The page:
This equates to 1,840 billable hours. Unfortunately, however, you still need to consider the time required for; coffee breaks, lunch breaks, bathroom breaks, answering phone calls, respond to emails and attending meetings.

So, we also need to consider an efficiency factor. Let say you’re only efficient for 60% of the time you’re working:

Hourly Rates
Image provided by Blue Turtle Consulting

Step 3: Calculate your hourly rate:

Now that you know that the total cost of doing business is $114,287 and the total number of billable hours per year is 1,104, you can calculate your minimum hourly charge out rate:

Hourly Rates
Image provided by Blue Turtle Consulting

Therefore, the minimum hourly rate that a self-employed Architect would have to charge to achieve an annual income of $79,380 would be $104 per hour. 

Please note that this is a minimum, you’ll want to consultant with a your tax accountant about your tax requirements as they can be significant and will effect your hourly rate. 

Other Issues Architects & Interior Designers Should Consider when Setting their Hourly Charge Out Rate:

When calculating your hourly charge out rate it’s important to be aware of what is happening in your industry both locally and globally. So be sure to compare your estimate against the fees charged by competing professionals. This can be achieved by:

• Asking peers in your industry
• Checking online salary surveys
• Researching average salary information publications
• Checking freelancing platforms

This has been a quick look at how to calculate your hourly charge out rate.

Let us know what you think:

How do you calculate your hourly charge-out rate for design services? Let us know in the comments section below.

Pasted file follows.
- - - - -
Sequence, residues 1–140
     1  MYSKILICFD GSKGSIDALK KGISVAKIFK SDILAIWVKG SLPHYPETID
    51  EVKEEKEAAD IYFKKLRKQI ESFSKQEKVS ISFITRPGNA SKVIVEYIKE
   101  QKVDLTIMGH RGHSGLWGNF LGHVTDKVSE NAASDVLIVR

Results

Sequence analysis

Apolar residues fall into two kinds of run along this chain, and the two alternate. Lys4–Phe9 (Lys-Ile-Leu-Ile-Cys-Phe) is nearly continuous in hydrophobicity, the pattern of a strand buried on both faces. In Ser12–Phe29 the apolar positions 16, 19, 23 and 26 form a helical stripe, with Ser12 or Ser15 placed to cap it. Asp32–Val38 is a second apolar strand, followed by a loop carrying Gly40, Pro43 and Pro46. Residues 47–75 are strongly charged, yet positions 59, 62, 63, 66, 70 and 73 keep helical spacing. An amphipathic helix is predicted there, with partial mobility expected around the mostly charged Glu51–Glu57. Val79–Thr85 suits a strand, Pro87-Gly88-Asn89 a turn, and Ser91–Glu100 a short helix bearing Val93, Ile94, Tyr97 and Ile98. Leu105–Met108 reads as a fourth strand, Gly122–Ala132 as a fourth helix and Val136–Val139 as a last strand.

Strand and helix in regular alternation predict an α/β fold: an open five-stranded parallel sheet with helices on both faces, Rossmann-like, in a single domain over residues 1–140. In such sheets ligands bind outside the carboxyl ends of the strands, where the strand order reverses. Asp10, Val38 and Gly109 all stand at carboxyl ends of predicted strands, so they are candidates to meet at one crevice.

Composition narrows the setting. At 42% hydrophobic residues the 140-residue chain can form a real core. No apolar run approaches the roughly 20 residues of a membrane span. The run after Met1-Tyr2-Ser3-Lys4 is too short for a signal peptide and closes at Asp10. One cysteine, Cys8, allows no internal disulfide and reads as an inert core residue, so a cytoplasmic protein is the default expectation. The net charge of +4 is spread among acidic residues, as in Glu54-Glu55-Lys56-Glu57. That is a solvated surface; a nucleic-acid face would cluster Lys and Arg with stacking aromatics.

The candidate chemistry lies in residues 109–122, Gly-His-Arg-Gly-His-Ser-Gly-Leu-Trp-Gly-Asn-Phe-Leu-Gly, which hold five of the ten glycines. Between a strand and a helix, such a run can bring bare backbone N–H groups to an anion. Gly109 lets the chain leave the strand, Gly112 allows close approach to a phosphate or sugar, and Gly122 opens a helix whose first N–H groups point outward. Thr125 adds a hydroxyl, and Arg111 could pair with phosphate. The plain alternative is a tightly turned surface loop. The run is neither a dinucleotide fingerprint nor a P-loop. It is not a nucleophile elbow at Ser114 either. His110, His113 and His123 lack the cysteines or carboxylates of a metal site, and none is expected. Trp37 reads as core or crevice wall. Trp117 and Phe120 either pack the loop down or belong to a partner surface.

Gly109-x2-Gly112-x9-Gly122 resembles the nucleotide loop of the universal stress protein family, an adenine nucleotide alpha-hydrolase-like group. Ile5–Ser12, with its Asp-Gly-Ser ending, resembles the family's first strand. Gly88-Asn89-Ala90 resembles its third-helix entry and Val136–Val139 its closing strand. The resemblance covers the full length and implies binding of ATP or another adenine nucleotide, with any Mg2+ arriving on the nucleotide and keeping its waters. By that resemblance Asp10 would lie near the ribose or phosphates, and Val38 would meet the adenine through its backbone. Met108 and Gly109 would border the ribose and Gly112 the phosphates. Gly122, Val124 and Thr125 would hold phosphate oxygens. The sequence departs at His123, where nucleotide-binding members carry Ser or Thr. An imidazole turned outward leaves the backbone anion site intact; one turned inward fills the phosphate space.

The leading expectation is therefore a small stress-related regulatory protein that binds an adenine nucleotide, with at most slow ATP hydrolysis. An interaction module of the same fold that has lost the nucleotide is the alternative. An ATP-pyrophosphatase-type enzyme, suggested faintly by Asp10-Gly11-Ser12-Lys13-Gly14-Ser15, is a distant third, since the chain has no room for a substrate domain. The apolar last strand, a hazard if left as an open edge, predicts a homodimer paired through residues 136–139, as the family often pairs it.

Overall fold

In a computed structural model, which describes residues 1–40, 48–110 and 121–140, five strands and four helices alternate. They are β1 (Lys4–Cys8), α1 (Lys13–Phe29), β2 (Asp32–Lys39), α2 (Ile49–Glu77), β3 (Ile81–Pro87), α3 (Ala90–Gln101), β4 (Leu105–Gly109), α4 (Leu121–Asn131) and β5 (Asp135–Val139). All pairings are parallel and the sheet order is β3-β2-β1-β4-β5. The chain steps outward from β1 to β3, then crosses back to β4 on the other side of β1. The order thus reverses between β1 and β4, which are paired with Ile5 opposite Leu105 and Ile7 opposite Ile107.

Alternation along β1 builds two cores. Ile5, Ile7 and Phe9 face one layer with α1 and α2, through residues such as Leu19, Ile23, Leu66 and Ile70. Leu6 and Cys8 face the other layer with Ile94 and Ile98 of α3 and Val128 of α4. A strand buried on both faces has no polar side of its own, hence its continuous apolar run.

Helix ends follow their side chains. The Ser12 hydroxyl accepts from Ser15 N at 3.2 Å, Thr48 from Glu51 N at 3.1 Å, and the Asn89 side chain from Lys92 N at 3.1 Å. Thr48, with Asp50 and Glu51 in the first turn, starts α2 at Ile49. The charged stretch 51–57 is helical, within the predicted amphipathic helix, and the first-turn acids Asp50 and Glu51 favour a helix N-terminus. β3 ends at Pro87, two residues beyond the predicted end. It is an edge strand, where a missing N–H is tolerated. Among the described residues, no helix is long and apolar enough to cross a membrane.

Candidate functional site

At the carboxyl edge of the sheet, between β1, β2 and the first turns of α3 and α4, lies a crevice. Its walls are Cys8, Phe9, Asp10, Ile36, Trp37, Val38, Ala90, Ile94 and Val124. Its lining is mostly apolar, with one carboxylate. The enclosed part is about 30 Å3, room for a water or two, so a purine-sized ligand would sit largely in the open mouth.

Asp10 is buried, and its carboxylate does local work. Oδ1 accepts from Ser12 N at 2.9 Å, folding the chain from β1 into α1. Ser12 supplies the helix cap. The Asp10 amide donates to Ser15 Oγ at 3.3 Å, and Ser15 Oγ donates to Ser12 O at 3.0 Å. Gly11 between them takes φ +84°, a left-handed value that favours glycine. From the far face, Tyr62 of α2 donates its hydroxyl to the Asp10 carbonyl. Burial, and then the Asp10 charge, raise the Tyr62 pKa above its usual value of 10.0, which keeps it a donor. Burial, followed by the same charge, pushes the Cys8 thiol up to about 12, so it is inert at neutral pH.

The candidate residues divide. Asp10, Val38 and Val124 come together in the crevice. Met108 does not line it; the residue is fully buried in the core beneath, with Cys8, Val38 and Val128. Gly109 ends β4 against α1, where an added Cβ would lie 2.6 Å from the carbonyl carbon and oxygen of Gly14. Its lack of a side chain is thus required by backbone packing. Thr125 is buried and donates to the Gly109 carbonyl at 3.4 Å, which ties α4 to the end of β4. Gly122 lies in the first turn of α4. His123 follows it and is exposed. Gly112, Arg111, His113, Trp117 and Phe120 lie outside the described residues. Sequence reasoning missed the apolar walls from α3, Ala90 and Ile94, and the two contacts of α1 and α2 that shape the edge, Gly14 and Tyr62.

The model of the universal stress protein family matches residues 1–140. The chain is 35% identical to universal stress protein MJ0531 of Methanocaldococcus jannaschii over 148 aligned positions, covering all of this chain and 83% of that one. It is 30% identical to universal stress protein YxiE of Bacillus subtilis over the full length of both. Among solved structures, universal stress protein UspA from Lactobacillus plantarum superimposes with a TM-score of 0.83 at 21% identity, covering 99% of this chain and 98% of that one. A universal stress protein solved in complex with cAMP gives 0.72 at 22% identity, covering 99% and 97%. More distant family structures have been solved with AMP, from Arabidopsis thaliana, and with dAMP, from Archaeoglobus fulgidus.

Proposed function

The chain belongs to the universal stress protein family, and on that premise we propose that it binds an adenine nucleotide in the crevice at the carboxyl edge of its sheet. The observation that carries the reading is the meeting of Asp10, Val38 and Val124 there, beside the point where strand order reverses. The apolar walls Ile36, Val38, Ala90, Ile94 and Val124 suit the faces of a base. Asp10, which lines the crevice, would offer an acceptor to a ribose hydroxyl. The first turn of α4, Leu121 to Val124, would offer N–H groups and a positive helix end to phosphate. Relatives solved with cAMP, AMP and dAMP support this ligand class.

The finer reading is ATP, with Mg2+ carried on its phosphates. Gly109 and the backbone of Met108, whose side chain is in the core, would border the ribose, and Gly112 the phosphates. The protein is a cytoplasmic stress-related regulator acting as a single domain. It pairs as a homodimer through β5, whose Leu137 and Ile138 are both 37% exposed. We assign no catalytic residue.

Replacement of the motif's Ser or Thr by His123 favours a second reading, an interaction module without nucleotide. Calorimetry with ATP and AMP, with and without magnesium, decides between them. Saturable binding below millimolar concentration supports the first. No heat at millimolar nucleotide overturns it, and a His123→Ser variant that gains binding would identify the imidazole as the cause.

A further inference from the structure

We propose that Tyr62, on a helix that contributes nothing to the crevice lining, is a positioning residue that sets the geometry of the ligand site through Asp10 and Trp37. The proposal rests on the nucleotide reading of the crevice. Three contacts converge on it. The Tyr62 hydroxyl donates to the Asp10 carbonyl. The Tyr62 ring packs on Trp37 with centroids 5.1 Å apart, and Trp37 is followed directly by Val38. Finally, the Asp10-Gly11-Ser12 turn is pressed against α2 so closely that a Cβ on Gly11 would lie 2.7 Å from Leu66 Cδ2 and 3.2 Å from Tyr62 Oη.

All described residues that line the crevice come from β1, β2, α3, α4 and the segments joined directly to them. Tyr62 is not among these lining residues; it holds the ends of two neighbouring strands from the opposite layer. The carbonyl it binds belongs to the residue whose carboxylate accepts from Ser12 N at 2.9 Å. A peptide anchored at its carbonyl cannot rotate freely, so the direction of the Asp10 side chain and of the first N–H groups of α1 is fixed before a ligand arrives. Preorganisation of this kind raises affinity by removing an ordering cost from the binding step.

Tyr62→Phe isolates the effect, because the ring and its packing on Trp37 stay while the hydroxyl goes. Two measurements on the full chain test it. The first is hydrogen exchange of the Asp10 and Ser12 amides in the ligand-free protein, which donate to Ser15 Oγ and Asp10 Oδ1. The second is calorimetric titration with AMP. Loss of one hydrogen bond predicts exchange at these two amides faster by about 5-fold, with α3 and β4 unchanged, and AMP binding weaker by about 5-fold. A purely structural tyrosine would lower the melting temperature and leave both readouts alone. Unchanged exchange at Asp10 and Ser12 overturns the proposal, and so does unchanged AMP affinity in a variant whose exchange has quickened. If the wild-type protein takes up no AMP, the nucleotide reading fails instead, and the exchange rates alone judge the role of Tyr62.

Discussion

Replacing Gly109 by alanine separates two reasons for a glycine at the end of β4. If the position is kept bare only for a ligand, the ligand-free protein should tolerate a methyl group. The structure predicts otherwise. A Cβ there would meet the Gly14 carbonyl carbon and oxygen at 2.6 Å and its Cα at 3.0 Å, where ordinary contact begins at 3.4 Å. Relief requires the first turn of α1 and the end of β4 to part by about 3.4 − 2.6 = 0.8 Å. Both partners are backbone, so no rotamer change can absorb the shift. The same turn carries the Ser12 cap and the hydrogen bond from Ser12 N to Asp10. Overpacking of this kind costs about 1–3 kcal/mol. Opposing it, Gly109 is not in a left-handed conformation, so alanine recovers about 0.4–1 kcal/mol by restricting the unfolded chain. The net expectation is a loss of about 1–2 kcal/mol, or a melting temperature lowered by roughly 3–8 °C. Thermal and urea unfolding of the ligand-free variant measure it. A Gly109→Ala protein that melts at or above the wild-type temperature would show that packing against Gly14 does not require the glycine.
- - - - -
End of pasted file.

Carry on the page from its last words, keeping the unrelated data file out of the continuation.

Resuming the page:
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Ready to Learn More about becoming a Successful Self-employed Design Professional?

The following resources are available right now to make you an expert fee proposal writer and fee negotiator so you can achieve your self-employment goals:

1. Design Professionals Guide to Fees + Contracts (eGuide):
https://blueturtlemc.com/product/fees-contracts-eguide/

2. The Ultimate Fee Proposal Workshop (CE/CPD points available): https://blueturtlemc.com/feeproposalworkshop/

3. How to Win Better Clients with Choice Architecture (Blog): 
https://blueturtlemc.com/blog/how-to-win-better-clients-with-choice-architecture/

This Post Has 3 Comments

  1. Scott Hills

    Thank you for this. This was a very useful quick guide.

  2. Robert Toy

    Very useful info., thank you.
    A couple of questions, if you don’t mind.
    Is the $79,380 median salary not gross, rather than net, i.e pre-tax?
    In that event, would you not agree that it’s not really logical to include tax in the hourly rate calculation?

    1. Ian Motley

      Yes, you are correct the $79k salary is gross. The legal structure of your business will affect the amount of tax you pay. Make sure you consult with your CPA and account for it either in your calculation or add it on after.